Solution to Saturday’s puzzle:

ƒ(n) is the element that has atomic number corresponding to the n-th prime number, expressed in Chinese.

For simplicity of analysis, ƒ can be thought of as a composite function

ƒ(n) = g(h(n))

ƒ(n) = gh(n)

g(n) = the (Chinese) name the element with atomic number n, and

h(n) = the n-th prime number

Example:

Elements in with atomic numbers greater than 111 have not been named yet, placeholders are used to refer to these elements. It is analogous to calling a carburettor a ‘thingy’ when one does not know the name.

The greatest prime less than or equal to 111 is 109, which is the 29th prime number. As such, the domain of ƒ lies in [1, 29].

To be more rigorous, let’s break ƒ into its constituent functions g and h.

g(n) is the name of the element with atomic number n.

h(n) is the n-th prime number.

g is defined for all values of n between 1 and 111. Since n is a count of protons in an atom, it cannot take negative values. If there is no proton (n = 0), the particle does not qualify as an atom. If the atomic number is 112 or greater, the element is unnamed, and g is not defined.

h is defined for all values of n greater than zero, since there is no such thing as the zero-th prime number. Since the list of prime numbers is sorted by magnitude, h is a monotonously increasing function: h(n+1) > h(n) ∀n ≥ 1.

For g(h(n)) to be defined, h(n) must not be greater than 111.

It is known that h(1) = 2, h(29) = 109 and h(30) = 113. Since h is a monotonously increasing function, it can be deduced that the maximum possible n that will result in ƒ being defined is 29, and all values of n between 1 and 29 will not result in h(n) exceeding 109.

The smallest value of n possible is 1, and the largest is 29. The domain of ƒ is [1, 29].

元素周期表

Mathematics & Applied Sciences

**Define ƒ:**ƒ(n) is the element that has atomic number corresponding to the n-th prime number, expressed in Chinese.

For simplicity of analysis, ƒ can be thought of as a composite function

ƒ(n) = g(h(n))

ƒ(n) = gh(n)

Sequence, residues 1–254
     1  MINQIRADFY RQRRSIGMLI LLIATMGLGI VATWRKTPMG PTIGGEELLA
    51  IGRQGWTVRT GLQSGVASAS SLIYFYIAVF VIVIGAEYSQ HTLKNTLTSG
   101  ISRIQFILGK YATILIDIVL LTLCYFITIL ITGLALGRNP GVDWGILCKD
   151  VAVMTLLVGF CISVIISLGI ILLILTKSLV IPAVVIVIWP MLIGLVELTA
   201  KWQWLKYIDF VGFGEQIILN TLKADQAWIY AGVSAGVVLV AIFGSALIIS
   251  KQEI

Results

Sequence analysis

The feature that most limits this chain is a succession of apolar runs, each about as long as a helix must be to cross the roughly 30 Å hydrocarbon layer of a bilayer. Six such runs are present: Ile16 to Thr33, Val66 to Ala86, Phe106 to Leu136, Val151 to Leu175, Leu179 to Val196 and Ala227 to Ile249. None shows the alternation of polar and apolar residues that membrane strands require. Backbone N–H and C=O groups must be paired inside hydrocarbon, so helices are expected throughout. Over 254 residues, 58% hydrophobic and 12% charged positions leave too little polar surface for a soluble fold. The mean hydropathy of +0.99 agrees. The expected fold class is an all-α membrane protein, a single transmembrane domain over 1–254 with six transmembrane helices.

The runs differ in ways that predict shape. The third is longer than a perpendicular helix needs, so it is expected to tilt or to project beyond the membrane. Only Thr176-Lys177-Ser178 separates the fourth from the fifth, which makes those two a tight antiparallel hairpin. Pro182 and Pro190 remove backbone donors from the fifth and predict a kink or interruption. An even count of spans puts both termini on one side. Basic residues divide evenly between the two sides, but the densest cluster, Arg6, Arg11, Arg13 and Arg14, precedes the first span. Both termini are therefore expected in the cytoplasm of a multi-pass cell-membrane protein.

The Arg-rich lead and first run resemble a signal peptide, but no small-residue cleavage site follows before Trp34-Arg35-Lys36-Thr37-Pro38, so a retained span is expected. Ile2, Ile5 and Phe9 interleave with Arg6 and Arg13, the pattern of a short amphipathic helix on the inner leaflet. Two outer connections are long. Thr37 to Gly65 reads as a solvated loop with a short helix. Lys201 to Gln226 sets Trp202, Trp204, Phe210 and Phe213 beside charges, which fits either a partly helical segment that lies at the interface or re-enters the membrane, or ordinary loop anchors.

g(n) = the (Chinese) name the element with atomic number n, and

h(n) = the n-th prime number

Example:

Let n = 25,

ƒ(n) = g(h(25))

h(25) = 97 (the 25th prime number is 97)

g(97) = 锫 (Berkelium has atomic number of 97)

ƒ(25) =锫

**Estimate the domain of ƒ:**Elements in with atomic numbers greater than 111 have not been named yet, placeholders are used to refer to these elements. It is analogous to calling a carburettor a ‘thingy’ when one does not know the name.

The greatest prime less than or equal to 111 is 109, which is the 29th prime number. As such, the domain of ƒ lies in [1, 29].

To be more rigorous, let’s break ƒ into its constituent functions g and h.

g(n) is the name of the element with atomic number n.

h(n) is the n-th prime number.

g is defined for all values of n between 1 and 111. Since n is a count of protons in an atom, it cannot take negative values. If there is no proton (n = 0), the particle does not qualify as an atom. If the atomic number is 112 or greater, the element is unnamed, and g is not defined.

h is defined for all values of n greater than zero, since there is no such thing as the zero-th prime number. Since the list of prime numbers is sorted by magnitude, h is a monotonously increasing function: h(n+1) > h(n) ∀n ≥ 1.

For g(h(n)) to be defined, h(n) must not be greater than 111.

It is known that h(1) = 2, h(29) = 109 and h(30) = 113. Since h is a monotonously increasing function, it can be deduced that the maximum possible n that will result in ƒ being defined is 29, and all values of n between 1 and 29 will not result in h(n) exceeding 109.

The smallest value of n possible is 1, and the largest is 29. The domain of ƒ is [1, 29].

**Further reading:**元素周期表

Mathematics & Applied Sciences

Labels: mathematics, number theory

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